President Gordon B. Hinckley echoed the same message: “You need all the education you can get. Sacrifice a car, sacrifice anything that is needed to be sacrificed to qualify yourselves to do the work of the world.” While education is a commandment and great blessing in our lives, there is no specific field or discipline held above any other. President Hinckley emphasized this when he taught, “The Lord wants you to educate your minds and hands, whatever your chosen field. Whether it be repairing refrigerators, or the work of a skilled surgeon, you must train yourselves. Seek for the best schooling available. Become a workman of integrity in the world that lies ahead of you. I repeat, you will bring honor to the Church and you will be generously blessed because of that training.”14


13. Dieter F. Uchtdorf, “Two Principles For Any Economy,” October 2009 General Conference.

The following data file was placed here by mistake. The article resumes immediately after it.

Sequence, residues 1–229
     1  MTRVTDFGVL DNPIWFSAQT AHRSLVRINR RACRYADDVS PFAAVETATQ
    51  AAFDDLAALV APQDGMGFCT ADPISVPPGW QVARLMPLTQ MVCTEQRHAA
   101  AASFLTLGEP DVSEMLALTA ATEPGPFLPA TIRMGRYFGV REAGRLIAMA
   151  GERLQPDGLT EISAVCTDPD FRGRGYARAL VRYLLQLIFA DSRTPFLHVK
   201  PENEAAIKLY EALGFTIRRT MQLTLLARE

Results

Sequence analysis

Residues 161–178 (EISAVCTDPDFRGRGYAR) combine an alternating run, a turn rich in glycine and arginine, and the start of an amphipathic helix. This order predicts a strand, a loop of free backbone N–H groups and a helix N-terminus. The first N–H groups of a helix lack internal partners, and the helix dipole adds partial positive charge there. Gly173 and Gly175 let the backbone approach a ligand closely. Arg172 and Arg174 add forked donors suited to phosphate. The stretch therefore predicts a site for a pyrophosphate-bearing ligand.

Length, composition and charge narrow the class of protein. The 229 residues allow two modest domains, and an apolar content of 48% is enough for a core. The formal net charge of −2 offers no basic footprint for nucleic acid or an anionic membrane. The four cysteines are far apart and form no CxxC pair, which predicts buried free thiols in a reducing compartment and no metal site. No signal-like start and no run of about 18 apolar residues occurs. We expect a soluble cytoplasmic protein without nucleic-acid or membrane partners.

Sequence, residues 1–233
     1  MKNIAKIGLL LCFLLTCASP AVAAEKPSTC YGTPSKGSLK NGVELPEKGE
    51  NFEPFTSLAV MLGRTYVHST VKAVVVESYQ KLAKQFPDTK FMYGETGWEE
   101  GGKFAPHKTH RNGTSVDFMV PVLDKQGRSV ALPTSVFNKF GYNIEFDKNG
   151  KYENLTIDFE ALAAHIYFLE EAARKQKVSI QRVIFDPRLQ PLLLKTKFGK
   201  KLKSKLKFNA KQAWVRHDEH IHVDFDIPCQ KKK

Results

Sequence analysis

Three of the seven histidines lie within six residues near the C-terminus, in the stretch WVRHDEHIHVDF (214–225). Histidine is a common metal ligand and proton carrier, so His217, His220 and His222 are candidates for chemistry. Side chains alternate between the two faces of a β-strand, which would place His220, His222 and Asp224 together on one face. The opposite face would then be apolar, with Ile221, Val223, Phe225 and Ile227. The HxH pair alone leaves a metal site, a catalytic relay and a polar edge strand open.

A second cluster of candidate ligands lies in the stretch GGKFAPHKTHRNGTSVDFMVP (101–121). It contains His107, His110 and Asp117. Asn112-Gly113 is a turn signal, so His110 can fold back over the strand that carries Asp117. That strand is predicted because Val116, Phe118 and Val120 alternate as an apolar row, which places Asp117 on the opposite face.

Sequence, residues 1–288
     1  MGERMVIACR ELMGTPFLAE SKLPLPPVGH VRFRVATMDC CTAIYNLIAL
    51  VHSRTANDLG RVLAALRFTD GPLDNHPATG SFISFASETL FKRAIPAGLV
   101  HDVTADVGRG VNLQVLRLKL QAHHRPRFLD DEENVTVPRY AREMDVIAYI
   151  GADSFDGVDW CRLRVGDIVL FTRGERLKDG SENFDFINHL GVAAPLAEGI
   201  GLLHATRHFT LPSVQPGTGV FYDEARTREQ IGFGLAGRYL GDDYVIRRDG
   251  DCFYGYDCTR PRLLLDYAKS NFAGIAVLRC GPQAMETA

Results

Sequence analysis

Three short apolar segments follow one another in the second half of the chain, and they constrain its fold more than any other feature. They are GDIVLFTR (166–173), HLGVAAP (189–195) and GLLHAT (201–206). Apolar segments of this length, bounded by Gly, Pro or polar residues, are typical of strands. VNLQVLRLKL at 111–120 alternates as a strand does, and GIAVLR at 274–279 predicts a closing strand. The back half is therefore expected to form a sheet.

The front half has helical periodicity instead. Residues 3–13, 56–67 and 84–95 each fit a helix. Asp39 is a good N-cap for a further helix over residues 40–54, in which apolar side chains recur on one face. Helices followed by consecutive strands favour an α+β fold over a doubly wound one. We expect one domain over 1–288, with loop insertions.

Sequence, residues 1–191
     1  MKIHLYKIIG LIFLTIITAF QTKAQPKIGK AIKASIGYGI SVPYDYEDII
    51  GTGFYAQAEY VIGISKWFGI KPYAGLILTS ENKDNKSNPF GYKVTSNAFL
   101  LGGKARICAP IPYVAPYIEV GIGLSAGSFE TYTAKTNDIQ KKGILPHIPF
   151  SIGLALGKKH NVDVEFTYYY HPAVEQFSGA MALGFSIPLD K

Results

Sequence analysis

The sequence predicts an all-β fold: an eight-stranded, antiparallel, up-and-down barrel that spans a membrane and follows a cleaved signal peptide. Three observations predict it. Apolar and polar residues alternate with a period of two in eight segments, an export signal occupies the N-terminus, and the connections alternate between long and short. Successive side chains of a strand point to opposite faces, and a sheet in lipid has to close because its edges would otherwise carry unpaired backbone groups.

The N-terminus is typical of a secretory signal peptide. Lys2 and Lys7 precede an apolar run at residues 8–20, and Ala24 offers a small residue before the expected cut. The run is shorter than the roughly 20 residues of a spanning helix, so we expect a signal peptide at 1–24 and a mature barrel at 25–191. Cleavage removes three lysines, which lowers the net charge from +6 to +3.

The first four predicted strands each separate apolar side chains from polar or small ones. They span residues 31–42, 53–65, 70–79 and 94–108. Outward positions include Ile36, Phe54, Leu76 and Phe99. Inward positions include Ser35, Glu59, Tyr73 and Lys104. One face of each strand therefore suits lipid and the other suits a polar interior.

14. Gordon B. Hinckley, “A Prophet’s Counsel and Prayer for Youth” [broadcast, November 12, 2000], Ensign, January 2001.


(Doctrine and Covenants Minute)

Verses 81-85

Casey Paul Griffiths (LDS Scholar)


The phrase “among the Gentiles” is a reference to all nations. The term Gentile, referring to any group of people to whom missionaries are sent forth to preach, is common in the Book of Mormon, which was written to “Jew and Gentile” (title page of the Book of Mormon; D&C 109:60). One of the purposes of missionary work is to warn as many people as possible of the coming calamities linked to the Second Coming of the Savior.


Joseph Smith commented on this passage when he spoke to the Twelve Apostles in 1835. He taught, “When you are endowed and prepared to preach the gospel to all nations[,] kindred[s,] and tongues in their own languages[,] you must faithfully warn all and bind up the testimony and seal up the law (D&C 88:84)[;] and the destroying angel will follow close at your heels and execute his tremendous mission upon the children of disobedience, and destroy the workers of iniquity, while the saints will be gathered out from among them and stand in holy places ready to meet the bride groom when he comes.”15